The state of South Carolina announced an addition of more than 7,000 acres of protected land to the Cooper River Focus Area project in Berkeley County on Feb. 24 during a dedication ceremony at Wappaoolah Plantation south of Moncks Corner.
"Through a unique conservation partnership, the S.C. Department of Natural Resources (DNR), The Conservation Fund, the Forest Legacy Program, Lord Berkeley Conservation Trust, Mrs. P.O. Mead Jr. (Margaret I. Mead), Robert M. Mead, Barbara C. Mead, Carol Mead Koopman, and P.O. Mead III, have protected four large tracts, which include Wappaoolah, Southern South Mulberry and Mepkin Plantations. These tracts have important wildlife habitat in the Cooper River Focus Area," according to DNR director John Frampton, who spoke during the Feb. 24 dedication ceremony at Wappaoolah Plantation south of Moncks Corner in Berkeley County.
"Thanks to the efforts of South Carolina Governor Mark Sanford, former U.S. Senator Fritz Hollings, U.S. Senator Lindsey Graham, Congressman Henry Brown and Congressman Jim Clyburn, Forest Legacy dollars, provided through the U.S. Forest Service, were used to purchase a conservation easement on 6,328-acres at only 73 percent of the easement's value," Frampton said. "The remainder was a generous donation from the Mead Family. As part of the deal, Lord Berkeley Conservation Trust also holds a donated easement to an additional 1,000 acres of the Mead property. The property will be protected in perpetuity and managed for timber and wildlife."
The Conservation Fund contributed donations and grants to cover costs of the transaction. "On behalf of future generations, I salute the Mead family and the state of South Carolina for their tremendous leadership, courage, and commitment to conservation," said Larry Selzer, president of The Conservation Fund. "As this project demonstrates, protecting private lands for public benefit must be a key part of conserving America's outdoor heritage."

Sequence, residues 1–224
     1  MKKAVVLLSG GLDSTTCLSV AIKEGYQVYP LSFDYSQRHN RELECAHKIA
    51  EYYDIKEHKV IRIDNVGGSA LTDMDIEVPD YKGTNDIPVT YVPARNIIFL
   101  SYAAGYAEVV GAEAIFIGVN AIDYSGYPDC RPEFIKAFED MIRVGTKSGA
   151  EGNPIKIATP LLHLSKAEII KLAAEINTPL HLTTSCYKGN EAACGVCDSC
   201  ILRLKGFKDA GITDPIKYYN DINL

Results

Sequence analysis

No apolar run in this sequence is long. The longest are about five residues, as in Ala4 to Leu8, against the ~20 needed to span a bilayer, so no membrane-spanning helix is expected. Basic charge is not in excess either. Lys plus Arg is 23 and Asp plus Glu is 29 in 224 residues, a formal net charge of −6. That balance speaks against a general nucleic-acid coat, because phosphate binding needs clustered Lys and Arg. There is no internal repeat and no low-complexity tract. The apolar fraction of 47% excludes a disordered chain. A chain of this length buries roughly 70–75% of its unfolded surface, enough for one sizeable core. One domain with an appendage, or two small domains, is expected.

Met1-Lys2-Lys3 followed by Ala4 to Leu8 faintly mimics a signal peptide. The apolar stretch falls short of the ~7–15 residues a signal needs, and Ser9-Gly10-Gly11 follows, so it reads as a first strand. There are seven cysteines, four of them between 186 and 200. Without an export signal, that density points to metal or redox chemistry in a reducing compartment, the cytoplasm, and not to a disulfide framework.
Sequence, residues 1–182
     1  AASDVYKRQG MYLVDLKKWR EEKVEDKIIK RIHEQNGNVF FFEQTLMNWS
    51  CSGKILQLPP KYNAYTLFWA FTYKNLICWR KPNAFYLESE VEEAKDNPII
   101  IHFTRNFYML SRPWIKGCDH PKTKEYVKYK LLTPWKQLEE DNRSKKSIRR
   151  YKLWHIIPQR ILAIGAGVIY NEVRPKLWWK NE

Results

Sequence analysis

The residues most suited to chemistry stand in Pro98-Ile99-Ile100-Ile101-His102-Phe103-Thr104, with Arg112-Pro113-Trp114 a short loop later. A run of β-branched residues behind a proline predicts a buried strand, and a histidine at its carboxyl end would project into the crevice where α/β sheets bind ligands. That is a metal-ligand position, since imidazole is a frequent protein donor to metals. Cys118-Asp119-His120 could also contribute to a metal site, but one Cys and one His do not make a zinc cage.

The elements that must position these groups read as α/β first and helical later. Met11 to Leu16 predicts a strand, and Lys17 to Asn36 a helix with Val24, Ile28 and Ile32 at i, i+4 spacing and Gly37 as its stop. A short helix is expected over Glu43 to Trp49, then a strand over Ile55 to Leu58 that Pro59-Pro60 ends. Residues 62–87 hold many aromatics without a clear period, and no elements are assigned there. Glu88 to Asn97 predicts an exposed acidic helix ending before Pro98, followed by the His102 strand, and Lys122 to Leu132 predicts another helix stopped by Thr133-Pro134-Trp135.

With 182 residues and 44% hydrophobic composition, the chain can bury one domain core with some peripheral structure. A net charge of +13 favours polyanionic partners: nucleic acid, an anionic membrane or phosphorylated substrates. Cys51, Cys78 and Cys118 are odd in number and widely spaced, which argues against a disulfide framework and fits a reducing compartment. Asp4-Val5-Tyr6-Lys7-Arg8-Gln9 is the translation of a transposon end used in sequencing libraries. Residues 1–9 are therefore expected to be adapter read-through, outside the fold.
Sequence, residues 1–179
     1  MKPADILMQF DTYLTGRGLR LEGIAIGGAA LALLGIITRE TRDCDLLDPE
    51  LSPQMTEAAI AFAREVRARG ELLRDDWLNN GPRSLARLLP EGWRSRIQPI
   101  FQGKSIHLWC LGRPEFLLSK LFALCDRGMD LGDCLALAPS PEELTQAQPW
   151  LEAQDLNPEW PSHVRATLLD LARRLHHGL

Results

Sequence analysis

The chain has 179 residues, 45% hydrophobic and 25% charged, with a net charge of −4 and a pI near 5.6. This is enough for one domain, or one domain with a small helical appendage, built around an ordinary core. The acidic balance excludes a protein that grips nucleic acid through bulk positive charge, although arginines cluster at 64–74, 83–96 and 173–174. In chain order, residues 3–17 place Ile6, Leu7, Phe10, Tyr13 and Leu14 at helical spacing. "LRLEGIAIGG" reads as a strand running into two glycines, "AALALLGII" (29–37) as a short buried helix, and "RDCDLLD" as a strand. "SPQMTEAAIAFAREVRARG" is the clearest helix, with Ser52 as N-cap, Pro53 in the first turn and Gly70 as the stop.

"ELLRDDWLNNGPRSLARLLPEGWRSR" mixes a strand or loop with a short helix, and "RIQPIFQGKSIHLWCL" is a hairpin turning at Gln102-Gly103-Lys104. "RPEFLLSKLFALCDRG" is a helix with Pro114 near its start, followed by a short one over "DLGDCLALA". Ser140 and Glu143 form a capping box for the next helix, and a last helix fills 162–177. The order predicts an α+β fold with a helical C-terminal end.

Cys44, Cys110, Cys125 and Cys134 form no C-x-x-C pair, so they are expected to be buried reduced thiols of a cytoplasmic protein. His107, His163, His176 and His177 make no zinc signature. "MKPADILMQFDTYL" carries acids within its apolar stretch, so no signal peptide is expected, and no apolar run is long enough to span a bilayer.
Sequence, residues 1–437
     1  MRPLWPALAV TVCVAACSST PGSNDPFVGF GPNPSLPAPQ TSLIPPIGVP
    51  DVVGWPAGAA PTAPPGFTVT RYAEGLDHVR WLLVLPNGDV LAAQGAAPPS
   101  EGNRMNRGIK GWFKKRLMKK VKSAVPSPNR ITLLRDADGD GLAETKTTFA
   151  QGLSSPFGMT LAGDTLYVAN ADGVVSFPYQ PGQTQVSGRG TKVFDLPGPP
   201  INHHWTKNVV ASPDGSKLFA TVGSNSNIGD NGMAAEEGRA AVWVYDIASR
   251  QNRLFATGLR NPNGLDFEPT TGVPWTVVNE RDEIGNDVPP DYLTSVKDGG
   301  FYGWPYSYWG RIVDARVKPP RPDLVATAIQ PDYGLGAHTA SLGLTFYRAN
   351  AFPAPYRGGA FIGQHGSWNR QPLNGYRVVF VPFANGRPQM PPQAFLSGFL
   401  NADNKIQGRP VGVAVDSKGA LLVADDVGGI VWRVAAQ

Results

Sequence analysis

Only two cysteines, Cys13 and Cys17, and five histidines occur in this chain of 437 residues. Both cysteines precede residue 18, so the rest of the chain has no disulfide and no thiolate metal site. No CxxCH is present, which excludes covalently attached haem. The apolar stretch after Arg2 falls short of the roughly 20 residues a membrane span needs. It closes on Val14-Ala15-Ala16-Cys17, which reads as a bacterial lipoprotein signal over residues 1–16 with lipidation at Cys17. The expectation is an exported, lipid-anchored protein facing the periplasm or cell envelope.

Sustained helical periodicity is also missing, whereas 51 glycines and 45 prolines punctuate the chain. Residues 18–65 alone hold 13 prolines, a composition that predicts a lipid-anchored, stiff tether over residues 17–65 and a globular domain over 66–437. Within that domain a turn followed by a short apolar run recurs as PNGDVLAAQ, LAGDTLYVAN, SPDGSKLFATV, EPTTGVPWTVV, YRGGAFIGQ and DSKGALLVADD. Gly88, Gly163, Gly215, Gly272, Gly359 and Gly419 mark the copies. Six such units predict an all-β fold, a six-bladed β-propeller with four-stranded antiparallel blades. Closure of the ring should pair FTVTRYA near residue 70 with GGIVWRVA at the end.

"The Mead family is dedicated to the conservation of wildlife habitat and healthy forest management for generations to come," said Bobby Mead, representing the Mead Family. "Our family grew up hunting, fishing and managing the land on both sides of the Cooper River. We are proud to be a part of this effort to protect the Cooper River Basin through voluntary measures."
Commenting on the success of the project, S.C. Governor Mark Sanford said, "Protecting the way South Carolina looks and feels for our kids and grandkids is going to continue to be one of our administration's central priorities. We think it's critical not only in enhancing quality of life in our state, but also in keeping intact one of our state's most unique competitive advantages. That's why in addition to our work on this project or the original Bonneau Ferry deal last year that preserved some 10,700-acres, we're going to continue looking for opportunities to work together with friends in the public and private sectors to leverage funds that accomplish those objectives. It's also ultimately why we pushed to get the Conservation Bank funded for the first time in its history in last year's state budget, and why our executive budget this year proposes another $15 million for this critical effort."